Saturday, March 10, 2007

It's a Beautiful Day in the Neighborhood...


And guess who is STUCK INSIDE ALL DAY LONG?????
Last night...a FRIDAY NIGHT, after a LONG WEEK of school, with 2 tests and 8 required events......I should have been sitting on my couch relaxing. INSTEAD, I had to be at school from 5-9pm studying Physiology for the Boards.
Today....a BEAUTIFUL Saturday with the sun shining, birds chirping, and snow melting....I should be enjoying the weather (or TV and Panera).....and instead, I am STUCK INSIDE ALL DAY LONG (from 8am-5pm) studying Physiology for the Boards. Man oh man.....what a rotten deal this is! As physicians, aren't we supposed to understand the benefits of getting our daily dose of Vitamin D? (For you non-doctors.....Vitamin D comes mainly from the sun.)
Anyways.....please feel sorry for me. I have to do this all over again tomorrow....... And, now, instead of being able to enjoy my evenings, I am going to have to study for my NORMAL classes. Oh well...............I guess the Board exam is pretty important!!!

2 comments:

Jim said...

Take a break and visit your local tanning salon. Vitamin D deficiency is a national epidemic with many unhealthy consequences. One or two sessions a week in a tanning bed will process all the healthy vitamin D3 a human body can use.

While you are relaxing and tanning, consider this:

In a study in the March 9 issue of the journal Cell, researchers at Harvard Medical School's Dana-Farber Cancer Institute report that the protein, p53, is not only linked to skin tanning, but also may play a role in people's seemingly universal desire to be in the sun – an activity that, by promoting tanning, can reduce one's risk of melanoma.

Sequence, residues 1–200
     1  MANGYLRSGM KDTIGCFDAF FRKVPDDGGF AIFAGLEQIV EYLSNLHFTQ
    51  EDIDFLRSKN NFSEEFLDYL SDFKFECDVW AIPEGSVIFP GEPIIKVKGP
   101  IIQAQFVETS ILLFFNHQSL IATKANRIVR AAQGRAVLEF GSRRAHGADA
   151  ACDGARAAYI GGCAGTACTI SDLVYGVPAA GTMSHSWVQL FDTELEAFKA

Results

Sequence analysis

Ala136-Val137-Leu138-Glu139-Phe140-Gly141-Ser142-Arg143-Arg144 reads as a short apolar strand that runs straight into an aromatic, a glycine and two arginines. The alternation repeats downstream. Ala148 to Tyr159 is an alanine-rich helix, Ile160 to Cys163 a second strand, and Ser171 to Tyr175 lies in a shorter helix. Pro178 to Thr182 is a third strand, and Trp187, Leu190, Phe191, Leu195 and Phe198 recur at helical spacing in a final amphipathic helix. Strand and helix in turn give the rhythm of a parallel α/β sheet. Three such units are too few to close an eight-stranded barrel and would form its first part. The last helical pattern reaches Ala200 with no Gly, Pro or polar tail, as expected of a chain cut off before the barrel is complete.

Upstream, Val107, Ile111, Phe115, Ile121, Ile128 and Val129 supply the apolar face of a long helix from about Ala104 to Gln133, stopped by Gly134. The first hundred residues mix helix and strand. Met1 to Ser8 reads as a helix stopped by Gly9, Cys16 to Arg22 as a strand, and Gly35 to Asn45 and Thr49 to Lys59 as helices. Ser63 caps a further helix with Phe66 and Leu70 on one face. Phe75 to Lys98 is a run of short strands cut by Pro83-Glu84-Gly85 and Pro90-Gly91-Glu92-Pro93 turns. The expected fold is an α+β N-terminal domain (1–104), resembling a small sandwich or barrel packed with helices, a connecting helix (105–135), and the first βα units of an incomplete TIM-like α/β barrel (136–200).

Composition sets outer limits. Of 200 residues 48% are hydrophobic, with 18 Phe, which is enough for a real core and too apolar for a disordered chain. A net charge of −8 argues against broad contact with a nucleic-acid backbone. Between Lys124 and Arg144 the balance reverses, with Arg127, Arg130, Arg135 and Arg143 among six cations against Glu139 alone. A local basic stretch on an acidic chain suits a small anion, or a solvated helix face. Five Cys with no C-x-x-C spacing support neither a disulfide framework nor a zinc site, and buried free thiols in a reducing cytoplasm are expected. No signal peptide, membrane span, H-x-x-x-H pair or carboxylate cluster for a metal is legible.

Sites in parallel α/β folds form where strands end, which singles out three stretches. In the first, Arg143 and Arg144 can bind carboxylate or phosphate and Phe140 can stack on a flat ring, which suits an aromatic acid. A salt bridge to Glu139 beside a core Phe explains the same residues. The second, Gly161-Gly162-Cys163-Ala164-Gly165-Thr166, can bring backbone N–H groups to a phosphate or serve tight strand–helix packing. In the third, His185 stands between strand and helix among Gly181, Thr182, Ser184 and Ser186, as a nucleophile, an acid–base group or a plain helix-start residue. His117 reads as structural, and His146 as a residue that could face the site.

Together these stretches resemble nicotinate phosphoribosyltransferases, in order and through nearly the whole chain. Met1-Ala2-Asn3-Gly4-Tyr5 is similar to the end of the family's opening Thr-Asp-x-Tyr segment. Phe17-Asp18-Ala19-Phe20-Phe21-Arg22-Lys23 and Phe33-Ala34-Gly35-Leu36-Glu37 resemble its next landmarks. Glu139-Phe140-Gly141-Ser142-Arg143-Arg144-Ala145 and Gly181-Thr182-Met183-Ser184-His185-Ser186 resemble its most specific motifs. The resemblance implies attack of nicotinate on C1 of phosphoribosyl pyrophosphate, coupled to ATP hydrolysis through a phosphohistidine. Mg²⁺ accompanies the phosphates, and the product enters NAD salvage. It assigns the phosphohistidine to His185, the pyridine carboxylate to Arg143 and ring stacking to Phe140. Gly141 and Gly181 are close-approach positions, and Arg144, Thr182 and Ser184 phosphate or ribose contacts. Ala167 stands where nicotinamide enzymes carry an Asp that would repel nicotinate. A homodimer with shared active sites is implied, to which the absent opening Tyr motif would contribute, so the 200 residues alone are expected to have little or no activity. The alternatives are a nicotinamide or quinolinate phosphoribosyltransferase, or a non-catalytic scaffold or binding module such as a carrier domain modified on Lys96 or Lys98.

A protein known as the "master watchman of the genome" for its ability to guard against cancer-causing DNA damage has been found to provide an entirely different level of cancer protection: By prompting the skin to tan in response to ultraviolet light from the sun, it deters the development of melanoma skin cancer, the fastest-increasing form of cancer in the world.

"The number one risk factor for melanoma is an inability to tan; people who tan easily or have dark pigmentation are far less likely to develop the disease," says the study's senior author, David E. Fisher, MD, PhD, director of the Melanoma Program at Dana-Farber and a professor in pediatrics at Children's Hospital Boston. "This study suggests that p53, one of the best-known tumor-suppressor proteins in our body, has a powerful role in protecting us against sun damage in the skin."

There is even the possibility that p53 protects against skin damage in a second – and previously unsuspected – way. The protein not only causes skin to tan in response to sunlight, it may also underlie people's desire to spend time in the sun.

See: http://www.dana-farber.org/abo/news/press/2007/guardian-of-the-genome-protein-found-to-underlie-skin-tanning.html

Watch the video:

http://www.dana-farber.org/video-player.asp?file=/abo/news/press/2007/media/p53-david-fisher-study&title=Dr.+David+E.+Fisher+discussing+p53

Tanning in moderation is healthy behavior. Don't sunburn. Sunburning is very damaging to your skin and doesn't help the tanning process.

Always protect your eyes from UV light.

Lindsay said...

Hey! I love reading your adventures in med school! Best of luck on your path to delivering babies! Also, you should check out Imagining Ourselves, which has a new exhibit on Maternal Health, with featured stories from across the globe. I sense you have great passion in the field of maternal health and thought you might have something insightful to add to the discussion. Check it out!